Friday, February 13, 2009
Bill out of Atlas Shrugged almost as long as Atlas Shrugged.
The final version of the so-called stimulus bill, which will make economic news continue to sound like it was cribbed from Atlas Shrugged, clocks in at 1,071 pages long (up from 424 pages long when first written). This is just 121 pages shorter than that prophetic work. Rich irony was just a back-room deal away!
Congress is admittedly poised to pass it without having read either tome. Were I a conservative, I'd propose a law that Congress would not be allowed to vote for any bill during a "cooling-off" period of a length of time it would take an average person to read the bill.
But I am not, and such a measure would be a mere band-aid. The way to fix this grotesquely wrong situation is for a substantial number of Americans to demand that the government do its actual job, which is protecting individual rights, and nothing else. If enough people read Atlas Shrugged, and began voting (and persuading other voters) accordingly, we wouldn't have to worry about what a bunch of little dictators are happily passing, unread.
WSJ: Bring Back Gold
Via HBL, I heard of an excellent article arguing for a return to sound money, and chronicling some baby steps in that very direction.
If capitalism is to be preserved, it can't be through the con game of diluting the value of money. People see through such tactics; they recognize the signs of impending inflation. When we see Congress getting ready to pay for 40% of 2009 federal budget expenditures with money created from thin air, there's no getting around it. Our money will lose its capacity to serve as an honest measure, a meaningful unit of account. Our paper currency cannot provide a reliable store of value.At least some people are out there making arguments like this....
Stop by Titanic Deck Chairs to read it, if you haven't done so already.
My Take on the All-Ett
Before Christmas, I talked about wanting to try the "All-Ett", an ultra-thin wallet made of rip-stop nylon. I ended up ordering one myself and have been using it instead of my usual leather tri-fold for about a month.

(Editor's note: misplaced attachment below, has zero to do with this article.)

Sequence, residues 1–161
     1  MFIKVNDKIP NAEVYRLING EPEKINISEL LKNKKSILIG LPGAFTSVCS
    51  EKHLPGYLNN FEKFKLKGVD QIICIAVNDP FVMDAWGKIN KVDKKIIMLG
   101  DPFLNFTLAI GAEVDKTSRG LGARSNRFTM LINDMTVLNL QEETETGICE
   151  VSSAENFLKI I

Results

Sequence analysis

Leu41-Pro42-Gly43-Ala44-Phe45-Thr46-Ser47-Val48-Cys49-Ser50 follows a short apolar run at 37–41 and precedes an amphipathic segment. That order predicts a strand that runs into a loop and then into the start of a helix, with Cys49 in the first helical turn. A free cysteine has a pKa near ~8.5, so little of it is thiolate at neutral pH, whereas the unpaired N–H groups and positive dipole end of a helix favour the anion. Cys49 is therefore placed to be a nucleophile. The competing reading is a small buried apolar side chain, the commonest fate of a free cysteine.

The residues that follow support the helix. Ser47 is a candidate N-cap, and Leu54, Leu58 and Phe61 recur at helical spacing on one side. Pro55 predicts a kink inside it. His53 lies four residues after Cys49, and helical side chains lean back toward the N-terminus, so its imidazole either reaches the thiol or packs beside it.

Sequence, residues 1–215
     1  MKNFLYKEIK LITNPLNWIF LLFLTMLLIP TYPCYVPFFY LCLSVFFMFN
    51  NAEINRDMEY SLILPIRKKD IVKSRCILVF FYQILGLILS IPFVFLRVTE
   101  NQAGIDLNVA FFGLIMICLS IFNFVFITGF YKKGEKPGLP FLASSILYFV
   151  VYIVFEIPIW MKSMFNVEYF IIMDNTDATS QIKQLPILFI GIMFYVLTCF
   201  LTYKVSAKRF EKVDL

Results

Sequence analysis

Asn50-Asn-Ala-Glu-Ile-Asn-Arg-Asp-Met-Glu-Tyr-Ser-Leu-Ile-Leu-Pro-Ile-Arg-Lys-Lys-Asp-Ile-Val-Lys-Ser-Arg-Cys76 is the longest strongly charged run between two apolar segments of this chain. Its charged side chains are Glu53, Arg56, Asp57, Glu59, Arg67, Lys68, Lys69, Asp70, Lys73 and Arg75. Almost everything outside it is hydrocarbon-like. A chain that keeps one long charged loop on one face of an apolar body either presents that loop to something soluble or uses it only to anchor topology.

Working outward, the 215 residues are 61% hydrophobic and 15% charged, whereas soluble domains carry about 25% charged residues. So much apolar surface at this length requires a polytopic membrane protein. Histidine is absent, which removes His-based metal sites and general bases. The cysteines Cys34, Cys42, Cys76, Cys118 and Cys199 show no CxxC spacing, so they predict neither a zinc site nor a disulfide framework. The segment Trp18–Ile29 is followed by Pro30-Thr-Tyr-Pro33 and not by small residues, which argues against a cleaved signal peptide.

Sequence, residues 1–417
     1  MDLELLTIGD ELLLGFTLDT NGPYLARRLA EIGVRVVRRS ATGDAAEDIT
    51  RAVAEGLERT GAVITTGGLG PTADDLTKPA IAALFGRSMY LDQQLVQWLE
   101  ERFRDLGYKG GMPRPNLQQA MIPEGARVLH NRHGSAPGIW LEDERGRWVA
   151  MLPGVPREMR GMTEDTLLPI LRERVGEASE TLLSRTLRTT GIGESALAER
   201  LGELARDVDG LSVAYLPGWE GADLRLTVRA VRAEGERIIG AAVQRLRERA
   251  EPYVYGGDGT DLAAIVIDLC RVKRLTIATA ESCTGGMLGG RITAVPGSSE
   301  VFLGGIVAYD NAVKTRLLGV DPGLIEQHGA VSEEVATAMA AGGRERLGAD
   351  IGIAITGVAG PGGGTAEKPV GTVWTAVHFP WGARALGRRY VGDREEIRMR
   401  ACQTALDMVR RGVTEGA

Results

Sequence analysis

I'm sticking with the All-Ett, but have to give it a mixed review. I went with the European Leather version, because I wanted something small and "sophisticated", as the product description bills its leather exterior. I wanted to try a thin wallet, but not so badly as to carry around something that would be embarrassing to take out of my pocket in public.
First, let's get the bad out of the way. The All-Ett is just barely passable as far as the fashion department goes. It is leather, but there is a prominent seam in the middle that runs the entire length of the outside of the wallet, and the brand name is stamped on the outside. Perhaps the latter won't bother most, but I personally hate my clothing and accessories to carry advertising.
The interior takes getting used to. The fabric that makes the All-Ett so thin is crinkly, and will make a racket when you add or remove bills. I have either gotten used to that or have since learned how to do this more quietly. Also, cards slide in and out easily. If you are, as I am, someone who can easily automate standing orders like, "Be careful opening your wallet, and always straighten out your cards before closing it," this won't be a problem. If not, it might be. There is nowhere to place photos. I may add plastic sleeves for this purpose later on.
Now, for the good. The thickness of my new wallet is less than half of what it was for the old. In fact, I now rarely notice my wallet when sitting down. That used to be especially annoying -- as in sleep-inducing to my leg -- when I wore jeans and drove. For trips of more than about fifteen minutes, I'd just take my wallet out of my pocket. Now, I can leave it in. And, if you want my wife's opinion (the one that really counts!), this image over at Life Hacker will give you an idea. She really dislikes the exterior of the wallet, but she's not exactly nagging me to get rid of it, either!